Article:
Post has attachment
Study links changing winds to warming in Pacific #Ocean | Santa Cruz News - KSBW Home

Post has shared content
Measuring Ocean Currents
Measuring currents is a fundamental practice of physical oceanographers. By determining how ocean waters move, scientists can determine how organisms, nutrients and other biological and chemical constituents are transported throughout the ocean [1].  Other application are determining pollutant transport, tidal flows, sediment transports.
How do we measure speed of water  in ocean? 
Generally flow measurement for ocean water is done by deploying measuring instrument at seabed. Duration of deployment can vary from couple of hours to few days to even months and years. ADCP is one such instrument.
What is ADCP and why do we use it?
Acoustic Doppler Current Profiler (ADCP), is a measuring instrument. Researchers use the instrument to measure how fast water is moving across an entire water column. ADCP when installed at seafloor can measure flow speed and direction from bottom to surface at regular intervals.  Instrument can also be installed at bottom of a ship, or bridge pilings in rivers and sea.
How does it work?
ADCP uses Doppler effect to measure flow velocity in water.  ADCP transmit “pings ” of sound at a constant frequency into the water.  The pings are so highly pitched that human and even dolphins cannot hear them.  As sound waves travel they reflect back to instrument off particles suspended in moving water. Sound waves bounced back from a particle moving away from instruments axis have lower frequency when they return.  Particle moving towards the instrument send back higher frequency waves.  The difference in frequency between the sound waves instrument sends and the waves received is called the Doppler shift. Instrument uses this shift to calculate how fast the particle and water moves.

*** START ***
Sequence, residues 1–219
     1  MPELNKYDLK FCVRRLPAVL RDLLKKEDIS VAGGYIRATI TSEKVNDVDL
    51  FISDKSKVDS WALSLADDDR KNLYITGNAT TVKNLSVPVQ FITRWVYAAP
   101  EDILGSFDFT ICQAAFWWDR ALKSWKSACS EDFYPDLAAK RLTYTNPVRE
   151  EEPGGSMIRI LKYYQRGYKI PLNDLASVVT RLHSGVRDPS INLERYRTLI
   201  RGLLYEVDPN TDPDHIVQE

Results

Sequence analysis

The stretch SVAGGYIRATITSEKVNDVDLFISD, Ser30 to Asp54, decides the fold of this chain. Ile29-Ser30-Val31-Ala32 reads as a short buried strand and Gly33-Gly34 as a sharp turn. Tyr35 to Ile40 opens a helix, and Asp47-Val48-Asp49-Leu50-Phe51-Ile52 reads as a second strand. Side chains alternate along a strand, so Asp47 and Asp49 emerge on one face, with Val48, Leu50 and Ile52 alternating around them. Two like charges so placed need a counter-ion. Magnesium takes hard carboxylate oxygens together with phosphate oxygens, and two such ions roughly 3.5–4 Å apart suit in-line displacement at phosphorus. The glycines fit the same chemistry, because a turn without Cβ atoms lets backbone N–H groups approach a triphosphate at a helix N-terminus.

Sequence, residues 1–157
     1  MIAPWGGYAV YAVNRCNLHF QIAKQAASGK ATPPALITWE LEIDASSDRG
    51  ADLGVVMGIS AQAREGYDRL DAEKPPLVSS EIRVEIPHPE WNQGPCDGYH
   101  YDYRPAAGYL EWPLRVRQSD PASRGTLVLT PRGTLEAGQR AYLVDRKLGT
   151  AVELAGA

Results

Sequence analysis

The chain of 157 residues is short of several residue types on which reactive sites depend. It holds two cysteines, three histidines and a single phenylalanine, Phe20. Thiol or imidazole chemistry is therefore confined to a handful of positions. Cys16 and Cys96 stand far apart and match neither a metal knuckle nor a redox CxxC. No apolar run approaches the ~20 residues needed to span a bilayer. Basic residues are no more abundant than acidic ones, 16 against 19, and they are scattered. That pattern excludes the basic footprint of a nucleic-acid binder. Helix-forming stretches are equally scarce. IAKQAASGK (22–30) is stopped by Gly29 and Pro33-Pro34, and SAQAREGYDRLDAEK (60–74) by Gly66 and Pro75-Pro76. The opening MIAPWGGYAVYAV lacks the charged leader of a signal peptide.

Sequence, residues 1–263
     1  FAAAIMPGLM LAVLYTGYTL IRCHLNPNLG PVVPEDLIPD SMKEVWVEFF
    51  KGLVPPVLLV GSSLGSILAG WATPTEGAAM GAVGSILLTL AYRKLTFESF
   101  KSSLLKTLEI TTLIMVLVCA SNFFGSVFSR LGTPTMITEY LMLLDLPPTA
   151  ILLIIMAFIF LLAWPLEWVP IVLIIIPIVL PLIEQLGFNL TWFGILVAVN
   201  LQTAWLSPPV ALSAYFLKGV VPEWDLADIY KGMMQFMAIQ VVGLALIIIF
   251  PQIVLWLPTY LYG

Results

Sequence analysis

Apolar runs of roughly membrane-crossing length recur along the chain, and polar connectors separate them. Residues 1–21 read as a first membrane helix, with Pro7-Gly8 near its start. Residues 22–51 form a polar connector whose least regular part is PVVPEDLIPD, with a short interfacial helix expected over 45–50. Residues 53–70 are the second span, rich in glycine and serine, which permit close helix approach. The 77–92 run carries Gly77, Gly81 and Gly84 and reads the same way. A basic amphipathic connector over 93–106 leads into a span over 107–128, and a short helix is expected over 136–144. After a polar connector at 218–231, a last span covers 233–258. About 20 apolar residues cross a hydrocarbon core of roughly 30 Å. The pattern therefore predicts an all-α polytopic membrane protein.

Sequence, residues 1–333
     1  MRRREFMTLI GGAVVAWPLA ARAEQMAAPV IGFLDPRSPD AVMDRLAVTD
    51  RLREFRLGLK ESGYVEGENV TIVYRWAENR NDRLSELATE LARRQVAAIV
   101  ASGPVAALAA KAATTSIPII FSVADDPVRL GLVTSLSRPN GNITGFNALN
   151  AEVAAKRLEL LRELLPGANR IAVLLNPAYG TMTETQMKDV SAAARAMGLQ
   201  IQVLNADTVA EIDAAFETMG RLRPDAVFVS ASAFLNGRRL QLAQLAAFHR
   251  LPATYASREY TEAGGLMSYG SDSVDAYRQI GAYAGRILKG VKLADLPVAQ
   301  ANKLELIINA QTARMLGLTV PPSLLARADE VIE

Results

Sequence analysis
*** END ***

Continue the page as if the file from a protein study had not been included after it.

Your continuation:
ADCP deployment  platform  and data?
ADCP that are bottom mounted need anchor to keep them on the bottom of sea. ADCP that is ship mounted need ship rack. The data from instrument can be stored in inbuilt memory or read instantly with help of connected computer.   
Water depth grater then 1m up to 1 km is measured with ADCP.
Recently  our research group conducted ADCP deployment in the South China Sea near the Bachok Marine Station, IOES, University of Malaya. Here is one video from the field deployment.  Instrument was deployed at 12 m depth.

Post has attachment
Tiny #OceanPlastic May Be Cleaning our Seas | Ocean Minds Where Fish Get Their News!

Post has shared content
Belugas hear underwater sounds in the range 4-150 kHz. The link is to new open-access paper.

Post has shared content
Never-Seen-Before Whale Washes Up on New Zealand Shore

A species of beaked whale known previously only from bone fragments has been seen for the first time after a mother and calf recently washed up on a New Zealand shoreline. Called the spade-toothed beaked whale, the species has understandably been hailed as the world's rarest whale.

While it's unfortunate that the first sighting of the animal comes with such a tragic scene, scientists are thrilled at the chance to learn more about this mysterious species. Until this stranding, it was unclear that the species even still existed.

“This is the first time a spade-toothed beaked whale has been seen as a complete specimen, and we were lucky enough to find two of them. It's incredible to think that, until recently, such a large animal was concealed in the South Pacific Ocean and shows how little we know about ocean biodiversity,” said lead scientist Dr. Rochelle Constantine.

Beaked whales as a group are among the least understood mammals in the world because of their elusive deep-sea, open ocean lifestyle.

None of the 21 recognized species are well known to the public; In fact, only a few of them are well known to biologists. They are characterized by their elongated beaks and their tusks, and are capable of diving to extreme depths: to over 1,000 fathoms.


Post has attachment
Antarctic Circumpolar Current Carries 20% More Water Than We Thought 

Post has attachment
Sea Ice Data at Your Digital Fingertips: Alaska Sea Ice History Since 1860! 

Post has attachment

Post has attachment
Scientists Call for New Stewardship of the Deep Ocean 

Post has attachment
Wait while more posts are being loaded